Ron's Catch - January Tip & Tricks

How to Catch Cold Water Bass

by Ron Johnson

Cooler weather is FINALLY here!  After the long Arizona summer, most people welcome the cooler temperatures including me. Yes… temperatures will be cooling off, but the fishing can be red hot!

If you’re one of those people who usually puts the fishing poles away during the fall or winter because you just can’t seem to catch them once the water cools, I recommend you give it another chance and I have some great tips on how to keep them biting.

Fish will often migrate out of the shallows and head to deeper water during the fall and winter months. Finding areas that have a high level of oxygen and food source will be key. Using electronics to locate such areas is crucial because there will be a lot of dead zones, especially in the winter. Once you locate baitfish on your graph, the bass are usually somewhere very close.  When the water cools from the low 60s to the mid-low 50s, fish can get a little sluggish because they are cold blooded. This does not mean they don’t eat, it just means they don’t need to feed as often or move very far in search of food. Bass will usually be in large schools or holding in key areas so once you find them, very often you don’t have to move around too much to catch.

It is not unusual for me to spend November thru February in 55 to 80 feet of water exclusively when in search of mega schools of bass. They will school up this time of year, and when you find them it can turn out to be some of the best fishing days of the year. This is when I recommend busting out a few of the lures mentioned below.

Lures that get down to those depths quickly and effectively is important. Over the years I have narrowed down a handful of baits that will get the job done just about anywhere you find the fish holding from 25 feet and deeper. Remember….it sometimes it takes a little finesse, patience and persistence when trying to unlock the pattern that works best.

My #1 lure is a 3/8 to 1/2-ounce ACME KASTMASTER. This lure not only replicates the size and shape of a shad, but also flutters and swims through the water column in a way most lures just cannot replicate. You can use a Kastmaster in a vertical drop on the fish, or in a “cast and retrieve” swimming pattern. Both are very effective patterns, and how a bass prefers the presentation on any given day can change. I use the Kastmaster much like a crankbait with a “retrieve and kill” cadence to trigger strikes and locate schools that may be away from the boat. This technique also allows you to work the whole water column from bottom to top, covering the various depth zones the fish may be holding on that day. For instance, if the fish are more aggressive or feeding on shad suspended half way up from the bottom, dropping to bottom and jigging may not be the most effective way to catch them. Swimming up through or past a school of bass feeding on shad can quickly add to some fast and fun action.  When it comes to color, in clear water I prefer straight chrome or chrome/blue, and switch to gold in cloudy water or lower light conditions as it tends to trigger more strikes.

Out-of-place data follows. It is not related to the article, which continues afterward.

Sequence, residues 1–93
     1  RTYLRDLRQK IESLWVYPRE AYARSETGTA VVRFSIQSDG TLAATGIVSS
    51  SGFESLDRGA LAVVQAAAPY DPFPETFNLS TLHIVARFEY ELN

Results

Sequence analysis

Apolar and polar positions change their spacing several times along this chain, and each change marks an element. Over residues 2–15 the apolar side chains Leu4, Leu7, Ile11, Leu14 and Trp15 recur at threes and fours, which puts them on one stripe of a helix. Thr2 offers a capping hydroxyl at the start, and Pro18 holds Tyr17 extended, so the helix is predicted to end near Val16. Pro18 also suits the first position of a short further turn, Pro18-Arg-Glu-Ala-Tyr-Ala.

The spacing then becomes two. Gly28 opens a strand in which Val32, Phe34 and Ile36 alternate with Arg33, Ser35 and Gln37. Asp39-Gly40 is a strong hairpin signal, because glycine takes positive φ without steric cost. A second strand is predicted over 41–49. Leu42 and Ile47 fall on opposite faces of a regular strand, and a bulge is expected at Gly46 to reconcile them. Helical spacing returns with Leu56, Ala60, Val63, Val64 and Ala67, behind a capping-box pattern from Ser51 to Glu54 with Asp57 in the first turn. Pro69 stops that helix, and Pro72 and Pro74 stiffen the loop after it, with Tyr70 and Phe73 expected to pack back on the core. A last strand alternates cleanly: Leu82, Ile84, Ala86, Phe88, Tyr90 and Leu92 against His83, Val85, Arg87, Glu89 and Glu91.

Second, I like to use a minnow style jigging lure such as ACME Hyper Rattle, Hyper Glide, or a vibrating bait such as a Heddon SONAR. These baits have erratic action and put out more vibration which can be very effective. Though they are more ideal for jigging directly below, you can also cast and retrieve with a constant slow retrieve or a pump and fall retrieve. Be aware that casting these lures will result in the lure catching on the line occasionally. Spend time experimenting and mastering these few simple lures and techniques, and the deep-water fishing will quickly become one of your favorites too!

TIP: When it comes to equipment, I prefer spinning rod and reel. Use 20lb Seaguar Smackdown braid tied to 6 feet of 10 lb Seaguar InvizX fluorocarbon. The light line allows your lures to fall more natural with less drag in the water that often comes with heavier line. This will also eliminate line twist and help you detect the slightest strikes. I recommend a 12-20lb Ball bearing swivel with a quick clip that will allow you to quickly change lures to maximize time, an avoid line twist.

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